LOS ANGELES (Reuters) - Major Hollywood studios on Thursday said they would accept the intervention of a federal mediator to help break a nearly 4-month-old deadlock in contract talks with the Screen Actors Guild.
But the grudging tone of a statement from the studios’ bargaining agent, the Alliance of Motion Picture and Television Producers, in accepting SAG’s proposal to bring in a mediator left in doubt whether such a move would lead to a settlement.
No date for resuming labor talks was immediately set, but a source close to the producers said their negotiators planned to meet alone next Thursday with a mediator.
SAG’s chief negotiator, Doug Allen, issued a terse statement saying only, “We look forward to meeting with the federal mediator and the AMPTP committee as soon as possible.”
The studios broke off negotiations on June 30 when they presented SAG with a “final” offer, hours before the expiration of their old contract covering 120,000 union performers in prime-time television and movies.
Management’s latest offer essentially mirrors terms approved by other Hollywood unions, including the accord that ended a 14-week strike by Hollywood screenwriters in February.
But SAG leaders have held out for a better deal. The two sides remain at odds over how actors should be paid for content delivered over the Internet and whether made-for-online productions should be subject to the union’s contract.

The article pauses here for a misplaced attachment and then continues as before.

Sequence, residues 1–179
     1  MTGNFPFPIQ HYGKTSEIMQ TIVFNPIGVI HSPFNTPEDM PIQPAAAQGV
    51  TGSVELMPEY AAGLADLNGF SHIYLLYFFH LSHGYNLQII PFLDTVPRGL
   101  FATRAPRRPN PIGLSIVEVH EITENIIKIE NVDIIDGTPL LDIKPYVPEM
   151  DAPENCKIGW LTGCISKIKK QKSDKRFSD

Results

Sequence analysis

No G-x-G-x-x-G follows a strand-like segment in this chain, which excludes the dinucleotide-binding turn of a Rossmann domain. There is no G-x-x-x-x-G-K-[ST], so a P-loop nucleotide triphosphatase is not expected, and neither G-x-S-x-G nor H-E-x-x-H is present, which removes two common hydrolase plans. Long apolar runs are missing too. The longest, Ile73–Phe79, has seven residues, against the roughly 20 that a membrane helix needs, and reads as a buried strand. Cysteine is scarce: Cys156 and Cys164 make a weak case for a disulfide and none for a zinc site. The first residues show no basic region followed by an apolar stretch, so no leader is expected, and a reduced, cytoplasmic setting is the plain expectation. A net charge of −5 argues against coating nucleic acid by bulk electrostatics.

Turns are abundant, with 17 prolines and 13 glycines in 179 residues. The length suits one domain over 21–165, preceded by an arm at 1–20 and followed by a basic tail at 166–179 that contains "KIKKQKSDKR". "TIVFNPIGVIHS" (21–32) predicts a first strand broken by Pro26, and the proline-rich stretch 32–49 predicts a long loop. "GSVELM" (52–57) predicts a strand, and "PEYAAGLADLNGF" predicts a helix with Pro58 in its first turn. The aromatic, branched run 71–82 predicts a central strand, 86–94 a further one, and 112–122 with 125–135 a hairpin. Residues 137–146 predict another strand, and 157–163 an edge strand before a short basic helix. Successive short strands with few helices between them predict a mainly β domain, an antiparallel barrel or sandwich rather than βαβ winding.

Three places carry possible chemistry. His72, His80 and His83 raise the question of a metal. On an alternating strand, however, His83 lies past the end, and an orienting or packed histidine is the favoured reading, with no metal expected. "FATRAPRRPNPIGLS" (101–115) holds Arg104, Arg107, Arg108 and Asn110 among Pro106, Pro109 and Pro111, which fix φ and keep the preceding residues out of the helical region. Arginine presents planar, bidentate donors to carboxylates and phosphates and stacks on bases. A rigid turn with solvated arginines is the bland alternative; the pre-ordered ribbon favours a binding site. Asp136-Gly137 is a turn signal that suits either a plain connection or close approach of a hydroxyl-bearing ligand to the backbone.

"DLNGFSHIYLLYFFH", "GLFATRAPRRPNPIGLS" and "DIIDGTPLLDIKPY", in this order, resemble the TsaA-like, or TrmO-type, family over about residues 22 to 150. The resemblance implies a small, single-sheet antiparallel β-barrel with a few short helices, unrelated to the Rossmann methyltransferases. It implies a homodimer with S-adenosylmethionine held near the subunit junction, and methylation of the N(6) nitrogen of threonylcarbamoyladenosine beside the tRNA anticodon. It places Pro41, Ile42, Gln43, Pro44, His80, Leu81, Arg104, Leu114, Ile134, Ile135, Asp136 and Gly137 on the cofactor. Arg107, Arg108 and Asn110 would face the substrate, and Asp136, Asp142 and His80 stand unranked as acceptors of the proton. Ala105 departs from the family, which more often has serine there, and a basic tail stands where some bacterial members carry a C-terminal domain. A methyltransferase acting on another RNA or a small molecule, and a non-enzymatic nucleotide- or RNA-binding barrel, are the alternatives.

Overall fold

In its statement embracing the help of mediation, the studios suggested they had made as many compromises as they could in the midst of a nationwide economic slowdown.
“We are, of course, willing to meet with a federal mediator in the hopes of achieving our fifth guild agreement this year,” the AMPTP said. “But we are also realistic: It will be very difficult to reach an agreement if SAG continues to insist unreasonably that it deserves a better deal than the ones achieved by the other entertainment guilds during far better economic times.”
SAG’s national governing board last weekend approved a resolution calling for a mediator to step into negotiations. The board also said it would ask union members to authorize a strike if the mediation failed to achieve a settlement.
A strike authorization would require 75 percent approval of members who vote.
Some industry watchers believe the studios may be going through the motions of mediation to avoid giving SAG leaders ammunition in mustering support for a strike authorization.
“The parties are very far apart, they’re very dug in, the economy has deteriorated, and the same mediator was unable to gain any traction in the Writers Guild talks just before they went on strike,” said Jonathan Handel, an entertainment lawyer with ties to both Hollywood labor and management.
He predicted mediation would fail, and that “come December of January there’s a reasonable likelihood of a strike.”
The last time SAG staged a strike over its main film and TV contract was in 1980, a walkout that lasted three months.
Editing by Dan Whitcomb